Treatments for heat-related illnesses typically may include:

  • Calling 911 for emergency medical care.
  • Staying with the worker until emergency medical services arrive.
  • Removing the worker from the unsafe area and try to place him in a cool, shaded environment.
  • Cooling the worker quickly with cold water; wet the skin, place cold wet cloths on skin, head, neck, armpits, and groin, or soak clothing with cool water.
  • Removing unnecessary clothing, including shoes and socks.
  • Circulating the air around the worker to speed cooling and promote air flow.
  • Encouraging hydration with frequent sips of cool water.

Why These Risks Are Unusually High on Construction Sites

Construction workers are placed at a higher risk than others for heat stress and overexertion due to the nature of their jobs. Construction work is physically demanding and generally takes place outdoors. During the summer months in Texas, temperatures outside can easily reach 100 degrees Fahrenheit. Add in that construction workers must also wear heavy protective clothing such as jeans, long-sleeved shirts, gloves, and hard hats. As a result, a worker’s internal temperature can rapidly exceed 100 degrees; he may become dehydrated within minutes. If the worker is not treated immediately, he may need to be hospitalized; if the condition worsens, he may be at risk for fatal injuries. All of these consequences could have been avoided if his employer took the necessary precautions to keep him safe.

Filing a Workers’ Compensation Claim for Heat-Related and Overexertion Injuries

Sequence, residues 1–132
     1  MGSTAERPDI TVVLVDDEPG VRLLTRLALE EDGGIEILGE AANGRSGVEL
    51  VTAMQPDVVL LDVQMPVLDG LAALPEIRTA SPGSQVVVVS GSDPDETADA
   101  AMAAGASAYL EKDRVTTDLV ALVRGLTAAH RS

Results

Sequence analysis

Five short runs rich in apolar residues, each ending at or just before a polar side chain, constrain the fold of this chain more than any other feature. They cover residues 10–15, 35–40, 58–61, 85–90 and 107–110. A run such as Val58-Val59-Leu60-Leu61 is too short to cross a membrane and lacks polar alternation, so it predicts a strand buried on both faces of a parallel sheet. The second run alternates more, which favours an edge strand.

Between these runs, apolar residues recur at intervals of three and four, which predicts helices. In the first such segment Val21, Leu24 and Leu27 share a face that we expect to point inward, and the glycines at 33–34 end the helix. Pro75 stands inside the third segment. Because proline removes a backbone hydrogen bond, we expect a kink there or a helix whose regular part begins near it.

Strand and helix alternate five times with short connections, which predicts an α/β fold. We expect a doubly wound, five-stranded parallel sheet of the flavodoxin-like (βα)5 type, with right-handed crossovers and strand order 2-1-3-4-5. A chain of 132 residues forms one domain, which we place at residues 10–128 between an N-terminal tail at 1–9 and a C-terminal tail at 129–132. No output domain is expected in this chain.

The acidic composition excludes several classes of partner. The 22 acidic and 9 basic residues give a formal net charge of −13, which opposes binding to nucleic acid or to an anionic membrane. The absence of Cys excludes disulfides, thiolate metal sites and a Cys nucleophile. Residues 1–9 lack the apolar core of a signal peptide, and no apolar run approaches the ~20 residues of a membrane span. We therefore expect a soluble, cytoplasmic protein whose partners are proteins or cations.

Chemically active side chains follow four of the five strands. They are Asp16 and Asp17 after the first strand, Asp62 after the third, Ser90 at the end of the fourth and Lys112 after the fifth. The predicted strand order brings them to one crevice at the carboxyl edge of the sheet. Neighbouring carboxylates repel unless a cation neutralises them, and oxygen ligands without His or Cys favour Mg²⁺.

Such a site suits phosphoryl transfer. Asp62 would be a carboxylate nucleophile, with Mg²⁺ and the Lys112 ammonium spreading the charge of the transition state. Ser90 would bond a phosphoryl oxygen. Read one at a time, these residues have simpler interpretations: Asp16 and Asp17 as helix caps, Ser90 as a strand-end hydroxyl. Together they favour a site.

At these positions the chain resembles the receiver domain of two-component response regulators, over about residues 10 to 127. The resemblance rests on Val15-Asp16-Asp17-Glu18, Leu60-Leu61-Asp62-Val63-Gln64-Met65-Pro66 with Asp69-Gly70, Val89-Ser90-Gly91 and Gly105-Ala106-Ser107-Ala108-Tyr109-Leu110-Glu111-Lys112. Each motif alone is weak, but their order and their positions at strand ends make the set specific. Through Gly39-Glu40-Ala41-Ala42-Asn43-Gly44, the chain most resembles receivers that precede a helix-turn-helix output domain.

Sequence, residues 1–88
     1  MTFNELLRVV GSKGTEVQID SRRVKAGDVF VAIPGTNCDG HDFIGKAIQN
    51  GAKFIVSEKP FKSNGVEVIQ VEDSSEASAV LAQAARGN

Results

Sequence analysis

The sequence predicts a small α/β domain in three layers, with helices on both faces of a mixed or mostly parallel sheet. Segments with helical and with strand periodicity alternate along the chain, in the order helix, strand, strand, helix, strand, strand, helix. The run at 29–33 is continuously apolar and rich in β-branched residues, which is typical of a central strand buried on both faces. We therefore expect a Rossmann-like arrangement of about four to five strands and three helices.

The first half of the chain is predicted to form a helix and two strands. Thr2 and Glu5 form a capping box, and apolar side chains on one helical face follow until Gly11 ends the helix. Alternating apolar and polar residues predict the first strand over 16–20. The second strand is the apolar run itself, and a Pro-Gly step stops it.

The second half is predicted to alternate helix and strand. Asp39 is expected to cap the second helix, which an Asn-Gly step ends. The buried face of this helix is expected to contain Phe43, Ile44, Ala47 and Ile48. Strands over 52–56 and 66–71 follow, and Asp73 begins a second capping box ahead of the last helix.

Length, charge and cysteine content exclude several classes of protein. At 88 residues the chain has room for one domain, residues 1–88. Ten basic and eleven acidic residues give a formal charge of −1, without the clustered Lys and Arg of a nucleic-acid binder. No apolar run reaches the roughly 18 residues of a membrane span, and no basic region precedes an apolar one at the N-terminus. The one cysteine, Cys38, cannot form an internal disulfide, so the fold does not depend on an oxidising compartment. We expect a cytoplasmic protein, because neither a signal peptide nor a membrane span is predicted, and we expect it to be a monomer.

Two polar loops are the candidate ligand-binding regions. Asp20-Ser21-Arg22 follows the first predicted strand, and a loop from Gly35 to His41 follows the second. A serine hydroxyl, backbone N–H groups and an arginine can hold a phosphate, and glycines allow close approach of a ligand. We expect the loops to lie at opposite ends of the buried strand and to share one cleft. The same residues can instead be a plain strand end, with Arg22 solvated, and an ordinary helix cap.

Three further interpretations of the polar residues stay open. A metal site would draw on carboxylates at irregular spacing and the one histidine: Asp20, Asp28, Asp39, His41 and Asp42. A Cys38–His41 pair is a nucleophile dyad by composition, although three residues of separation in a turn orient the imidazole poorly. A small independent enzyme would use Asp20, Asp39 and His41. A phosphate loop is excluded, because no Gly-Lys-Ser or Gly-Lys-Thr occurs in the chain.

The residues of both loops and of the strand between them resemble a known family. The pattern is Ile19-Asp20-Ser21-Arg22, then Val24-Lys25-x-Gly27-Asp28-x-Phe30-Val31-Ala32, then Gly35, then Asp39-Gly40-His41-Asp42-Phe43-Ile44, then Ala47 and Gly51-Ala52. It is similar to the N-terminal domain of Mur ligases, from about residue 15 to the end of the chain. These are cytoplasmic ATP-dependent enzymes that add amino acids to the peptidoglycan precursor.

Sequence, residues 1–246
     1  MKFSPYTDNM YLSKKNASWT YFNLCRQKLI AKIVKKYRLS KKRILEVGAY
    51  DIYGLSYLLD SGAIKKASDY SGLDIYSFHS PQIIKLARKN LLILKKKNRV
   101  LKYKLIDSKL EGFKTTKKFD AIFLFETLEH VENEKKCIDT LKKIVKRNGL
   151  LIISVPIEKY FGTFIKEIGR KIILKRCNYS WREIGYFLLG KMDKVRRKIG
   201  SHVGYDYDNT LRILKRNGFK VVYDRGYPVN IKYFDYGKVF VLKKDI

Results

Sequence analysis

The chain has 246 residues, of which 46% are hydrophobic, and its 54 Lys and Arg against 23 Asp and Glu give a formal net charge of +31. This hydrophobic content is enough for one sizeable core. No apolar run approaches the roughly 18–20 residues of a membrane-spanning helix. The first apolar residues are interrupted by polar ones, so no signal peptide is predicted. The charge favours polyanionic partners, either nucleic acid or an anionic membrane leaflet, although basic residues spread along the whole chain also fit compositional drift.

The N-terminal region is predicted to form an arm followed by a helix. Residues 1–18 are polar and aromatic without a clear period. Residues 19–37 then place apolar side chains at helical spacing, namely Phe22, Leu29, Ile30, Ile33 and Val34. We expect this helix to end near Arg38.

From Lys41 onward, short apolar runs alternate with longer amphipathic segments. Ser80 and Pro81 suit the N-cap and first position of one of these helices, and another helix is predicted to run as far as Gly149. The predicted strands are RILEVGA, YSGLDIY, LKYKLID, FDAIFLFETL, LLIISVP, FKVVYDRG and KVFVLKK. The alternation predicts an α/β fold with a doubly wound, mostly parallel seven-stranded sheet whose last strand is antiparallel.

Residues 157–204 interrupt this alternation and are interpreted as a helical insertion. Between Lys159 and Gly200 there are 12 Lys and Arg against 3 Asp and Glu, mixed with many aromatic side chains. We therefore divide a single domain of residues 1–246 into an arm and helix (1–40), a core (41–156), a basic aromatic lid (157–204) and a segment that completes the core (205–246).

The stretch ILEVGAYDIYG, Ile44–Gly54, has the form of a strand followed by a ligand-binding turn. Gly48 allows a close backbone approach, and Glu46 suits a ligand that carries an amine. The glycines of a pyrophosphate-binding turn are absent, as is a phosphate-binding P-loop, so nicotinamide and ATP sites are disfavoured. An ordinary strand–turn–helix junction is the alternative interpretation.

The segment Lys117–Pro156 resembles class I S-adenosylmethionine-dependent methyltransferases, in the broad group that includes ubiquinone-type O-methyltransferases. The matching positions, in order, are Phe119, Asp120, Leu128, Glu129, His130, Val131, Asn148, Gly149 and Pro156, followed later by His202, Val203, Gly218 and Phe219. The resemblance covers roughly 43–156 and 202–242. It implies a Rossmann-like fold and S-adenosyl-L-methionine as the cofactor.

Texas workers’ compensation may provide a means for a financial recovery after a heat stress episode. Under OSHA law, employers are responsible for providing safe workplaces, free of known safety hazards, including excessive temperatures. If an employer fails to monitor his employees for signs of heat stress or exhaustion, he may be liable for any injuries that result. This means that if you or a loved one succumbs to exhaustion or a heat-related illness while on the job, you may have a case for workers’ compensation.

Contact our office today for a FREE, no-obligation review of your claim. Attorney Steve Lee can help you understand your employee rights and guide you in your journey to pursue the compensation you require for your recovery. A few clicks are all you need to get the support and resources to have your medical expenses and lost wages reimbursed. Call or contact us today—we’re waiting to help you cool down your frustrations.



Category: Construction, Refinery, Industrial, On the Job Injuries and Workers' Comp

Labels:
Steven M. Lee
Connect with me
Houston Attorney at Law

There are no comments.

Post a comment

Post a Comment to "Heat Stress and Overexertion Risks for Construction Workers"

To reply to this message, enter your reply in the box labeled "Message", hit "Post Message."

Name:*

Email:* (will not be published)

Message:*

Notify me of follow-up comments via email.

Live Chat